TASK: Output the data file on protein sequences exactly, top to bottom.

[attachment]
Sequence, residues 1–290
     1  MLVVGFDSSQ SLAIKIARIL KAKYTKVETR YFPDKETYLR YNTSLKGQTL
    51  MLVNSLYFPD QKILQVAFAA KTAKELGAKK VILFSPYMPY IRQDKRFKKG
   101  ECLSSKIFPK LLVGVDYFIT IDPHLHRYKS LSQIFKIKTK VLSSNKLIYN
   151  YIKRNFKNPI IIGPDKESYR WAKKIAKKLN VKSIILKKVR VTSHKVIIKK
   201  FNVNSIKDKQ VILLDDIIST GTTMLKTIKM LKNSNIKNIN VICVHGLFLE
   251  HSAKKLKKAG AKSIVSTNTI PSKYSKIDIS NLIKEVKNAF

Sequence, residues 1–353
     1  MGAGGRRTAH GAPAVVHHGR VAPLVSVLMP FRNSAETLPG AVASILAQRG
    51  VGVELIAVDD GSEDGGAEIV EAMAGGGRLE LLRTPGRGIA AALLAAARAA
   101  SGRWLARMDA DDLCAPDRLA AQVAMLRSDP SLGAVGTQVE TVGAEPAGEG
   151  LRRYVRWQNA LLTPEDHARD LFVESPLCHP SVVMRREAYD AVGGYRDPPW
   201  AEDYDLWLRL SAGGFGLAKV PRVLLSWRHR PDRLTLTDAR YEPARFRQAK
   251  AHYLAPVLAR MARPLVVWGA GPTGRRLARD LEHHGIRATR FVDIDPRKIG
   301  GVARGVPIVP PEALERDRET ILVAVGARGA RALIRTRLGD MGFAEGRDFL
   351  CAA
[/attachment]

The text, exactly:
Sequence, residues 1–290
     1  MLVVGFDSSQ SLAIKIARIL KAKYTKVETR YFPDKETYLR YNTSLKGQTL
    51  MLVNSLYFPD QKILQVAFAA KTAKELGAKK VILFSPYMPY IRQDKRFKKG
   101  ECLSSKIFPK LLVGVDYFIT IDPHLHRYKS LSQIFKIKTK VLSSNKLIYN
   151  YIKRNFKNPI IIGPDKESYR WAKKIAKKLN VKSIILKKVR VTSHKVIIKK
   201  FNVNSIKDKQ VILLDDIIST GTTMLKTIKM LKNSNIKNIN VICVHGLFLE
   251  HSAKKLKKAG AKSIVSTNTI PSKYSKIDIS NLIKEVKNAF

Sequence, residues 1–353
     1  MGAGGRRTAH GAPAVVHHGR VAPLVSVLMP FRNSAETLPG AVASILAQRG
    51  VGVELIAVDD GSEDGGAEIV EAMAGGGRLE LLRTPGRGIA AALLAAARAA
   101  SGRWLARMDA DDLCAPDRLA AQVAMLRSDP SLGAVGTQVE TVGAEPAGEG
   151  LRRYVRWQNA LLTPEDHARD LFVESPLCHP SVVMRREAYD AVGGYRDPPW
   201  AEDYDLWLRL SAGGFGLAKV PRVLLSWRHR PDRLTLTDAR YEPARFRQAK
   251  AHYLAPVLAR MARPLVVWGA GPTGRRLARD LEHHGIRATR FVDIDPRKIG
   301  GVARGVPIVP PEALERDRET ILVAVGARGA RALIRTRLGD MGFAEGRDFL
   351  CAA